Chromosomal alterations detected by fluorescence in situ hybridization in urothelial carcinoma and rarer histologic variants of bladder cancer.

Abstract

Fluorescence in situ hybridization (FISH) with the UroVysion probe set (Abbott Molecular, Des Plaines, IL) was used to assess 31 bladder cancers for chromosomal abnormalities, including 4 adenocarcinomas, 5 urachal adenocarcinomas, 6 small cell carcinomas, 7 squamous cell carcinomas, and 9 typical urothelial carcinomas. FISH was also used to assess the benign urothelium in 4 cases. There was a significant increase (P < .001) in the mean number of chromosome 3 (2.64 vs 1.51), chromosome 7 (2.61 vs 1.48), and chromosome 17 (2.41 vs 1.41) centromeric signals observed in cells from patients with cancer compared with patients without cancer. Of the 31 tumors, 29 (94%) demonstrated polysomic signal patterns in more than 10% of cells. In the 2 remaining tumor specimens, there was a high percentage of cells (>75%) demonstrating homozygous 9p21 deletion. The data from this study suggest that chromosomal abnormalities detectable by FISH in urothelial carcinoma are also common in rarer histologic variants of bladder cancer.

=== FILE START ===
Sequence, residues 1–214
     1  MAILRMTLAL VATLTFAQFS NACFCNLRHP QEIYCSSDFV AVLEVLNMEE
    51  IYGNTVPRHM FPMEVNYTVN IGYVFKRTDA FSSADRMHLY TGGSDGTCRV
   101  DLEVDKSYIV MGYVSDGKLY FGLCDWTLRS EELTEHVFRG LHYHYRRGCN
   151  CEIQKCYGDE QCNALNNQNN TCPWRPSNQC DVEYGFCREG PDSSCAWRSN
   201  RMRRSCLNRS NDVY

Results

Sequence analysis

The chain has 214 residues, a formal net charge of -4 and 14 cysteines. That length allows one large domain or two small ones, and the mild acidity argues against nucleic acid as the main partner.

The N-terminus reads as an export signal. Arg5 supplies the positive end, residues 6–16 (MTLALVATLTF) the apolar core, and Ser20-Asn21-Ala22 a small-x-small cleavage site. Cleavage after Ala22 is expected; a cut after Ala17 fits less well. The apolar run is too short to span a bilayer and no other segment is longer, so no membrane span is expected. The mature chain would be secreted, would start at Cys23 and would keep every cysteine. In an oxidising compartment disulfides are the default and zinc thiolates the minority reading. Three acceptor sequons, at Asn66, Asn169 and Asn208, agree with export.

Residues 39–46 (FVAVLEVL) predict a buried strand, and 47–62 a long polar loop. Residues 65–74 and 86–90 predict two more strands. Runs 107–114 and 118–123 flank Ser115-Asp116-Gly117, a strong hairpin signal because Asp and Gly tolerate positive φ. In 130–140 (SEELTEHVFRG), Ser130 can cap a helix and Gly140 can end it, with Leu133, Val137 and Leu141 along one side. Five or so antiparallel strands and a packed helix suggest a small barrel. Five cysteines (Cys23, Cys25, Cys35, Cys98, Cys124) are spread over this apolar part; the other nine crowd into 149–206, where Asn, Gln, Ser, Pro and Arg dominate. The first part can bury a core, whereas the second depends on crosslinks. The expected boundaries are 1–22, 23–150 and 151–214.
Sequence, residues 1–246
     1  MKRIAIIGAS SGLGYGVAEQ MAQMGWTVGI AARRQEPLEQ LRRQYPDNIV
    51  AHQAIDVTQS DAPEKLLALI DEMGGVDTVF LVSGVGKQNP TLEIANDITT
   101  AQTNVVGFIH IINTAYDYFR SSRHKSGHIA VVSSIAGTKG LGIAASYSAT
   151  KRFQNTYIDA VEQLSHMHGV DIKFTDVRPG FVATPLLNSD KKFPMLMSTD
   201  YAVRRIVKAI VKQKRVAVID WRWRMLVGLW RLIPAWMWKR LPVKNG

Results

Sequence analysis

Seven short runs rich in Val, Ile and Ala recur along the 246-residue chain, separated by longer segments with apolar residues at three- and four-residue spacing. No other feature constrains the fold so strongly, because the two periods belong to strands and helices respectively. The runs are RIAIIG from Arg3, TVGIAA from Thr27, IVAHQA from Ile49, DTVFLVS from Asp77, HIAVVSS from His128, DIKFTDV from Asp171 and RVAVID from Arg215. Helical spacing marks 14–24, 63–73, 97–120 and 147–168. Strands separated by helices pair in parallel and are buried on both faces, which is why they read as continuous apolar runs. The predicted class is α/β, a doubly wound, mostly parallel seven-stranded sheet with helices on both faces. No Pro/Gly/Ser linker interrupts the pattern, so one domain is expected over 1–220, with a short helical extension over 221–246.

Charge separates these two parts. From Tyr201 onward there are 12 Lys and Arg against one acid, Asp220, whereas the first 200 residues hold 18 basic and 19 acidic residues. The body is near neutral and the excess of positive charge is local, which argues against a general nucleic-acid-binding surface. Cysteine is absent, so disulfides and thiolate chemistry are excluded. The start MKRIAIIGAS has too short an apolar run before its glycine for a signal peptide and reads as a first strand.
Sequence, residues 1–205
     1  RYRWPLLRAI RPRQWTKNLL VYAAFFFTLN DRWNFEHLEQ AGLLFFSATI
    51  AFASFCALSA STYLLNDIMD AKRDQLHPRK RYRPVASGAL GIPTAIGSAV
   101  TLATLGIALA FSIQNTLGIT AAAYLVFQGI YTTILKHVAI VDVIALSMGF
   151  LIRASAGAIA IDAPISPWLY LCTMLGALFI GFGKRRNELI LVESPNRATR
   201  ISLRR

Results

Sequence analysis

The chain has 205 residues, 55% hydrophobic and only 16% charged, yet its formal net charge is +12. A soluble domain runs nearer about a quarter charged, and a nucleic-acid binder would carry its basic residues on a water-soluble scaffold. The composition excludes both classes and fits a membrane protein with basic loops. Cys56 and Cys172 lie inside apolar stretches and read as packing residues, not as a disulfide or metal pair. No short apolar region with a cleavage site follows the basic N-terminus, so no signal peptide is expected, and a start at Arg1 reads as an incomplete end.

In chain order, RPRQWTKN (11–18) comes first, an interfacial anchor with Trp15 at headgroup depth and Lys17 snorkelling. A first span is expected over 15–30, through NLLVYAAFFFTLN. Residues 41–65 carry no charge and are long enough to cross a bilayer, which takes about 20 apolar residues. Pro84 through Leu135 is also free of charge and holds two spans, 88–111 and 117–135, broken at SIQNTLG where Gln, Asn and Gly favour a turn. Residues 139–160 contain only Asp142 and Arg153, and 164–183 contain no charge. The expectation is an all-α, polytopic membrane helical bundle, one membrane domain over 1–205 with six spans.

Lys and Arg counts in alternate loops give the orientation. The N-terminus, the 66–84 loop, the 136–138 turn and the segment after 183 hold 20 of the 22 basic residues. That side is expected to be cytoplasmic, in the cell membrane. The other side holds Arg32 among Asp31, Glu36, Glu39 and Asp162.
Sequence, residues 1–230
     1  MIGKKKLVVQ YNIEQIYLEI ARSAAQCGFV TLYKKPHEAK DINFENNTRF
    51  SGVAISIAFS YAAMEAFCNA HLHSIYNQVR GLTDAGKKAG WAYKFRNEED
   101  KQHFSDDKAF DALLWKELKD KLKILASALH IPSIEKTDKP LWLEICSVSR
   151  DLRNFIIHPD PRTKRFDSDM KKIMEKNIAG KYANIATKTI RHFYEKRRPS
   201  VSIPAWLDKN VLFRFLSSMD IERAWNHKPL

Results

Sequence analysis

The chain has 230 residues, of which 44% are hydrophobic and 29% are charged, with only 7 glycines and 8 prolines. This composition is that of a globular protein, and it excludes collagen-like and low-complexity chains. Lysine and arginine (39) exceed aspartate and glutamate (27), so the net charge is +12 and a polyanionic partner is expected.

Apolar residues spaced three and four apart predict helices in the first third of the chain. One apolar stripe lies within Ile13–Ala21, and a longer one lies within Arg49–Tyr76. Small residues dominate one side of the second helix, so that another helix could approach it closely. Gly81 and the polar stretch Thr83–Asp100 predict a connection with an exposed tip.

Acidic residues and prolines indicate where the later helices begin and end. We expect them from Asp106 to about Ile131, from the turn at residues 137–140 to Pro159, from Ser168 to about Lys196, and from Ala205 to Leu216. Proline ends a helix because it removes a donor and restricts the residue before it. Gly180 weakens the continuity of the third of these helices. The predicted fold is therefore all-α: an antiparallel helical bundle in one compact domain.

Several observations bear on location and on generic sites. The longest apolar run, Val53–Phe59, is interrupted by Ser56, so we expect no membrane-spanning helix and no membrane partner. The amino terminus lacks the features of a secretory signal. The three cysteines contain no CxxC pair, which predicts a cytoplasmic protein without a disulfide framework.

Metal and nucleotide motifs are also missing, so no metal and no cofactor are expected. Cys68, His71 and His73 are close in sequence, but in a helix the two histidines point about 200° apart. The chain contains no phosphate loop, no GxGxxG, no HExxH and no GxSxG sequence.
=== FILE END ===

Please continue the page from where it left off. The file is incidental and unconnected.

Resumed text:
DOI: 10.1309/DFJUHY3WPC9GUU2W

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@article{Kipp2008ChromosomalAD, title={Chromosomal alterations detected by fluorescence in situ hybridization in urothelial carcinoma and rarer histologic variants of bladder cancer.}, author={Benjamin R. Kipp and Harmony Tyner and Michael B Campion and Jesse S. Voss and Robert Jeffrey Karnes and Thomas J. Sebo and Kevin C. Halling and Jun Zhang}, journal={American journal of clinical pathology}, year={2008}, volume={130 4}, pages={552-9} }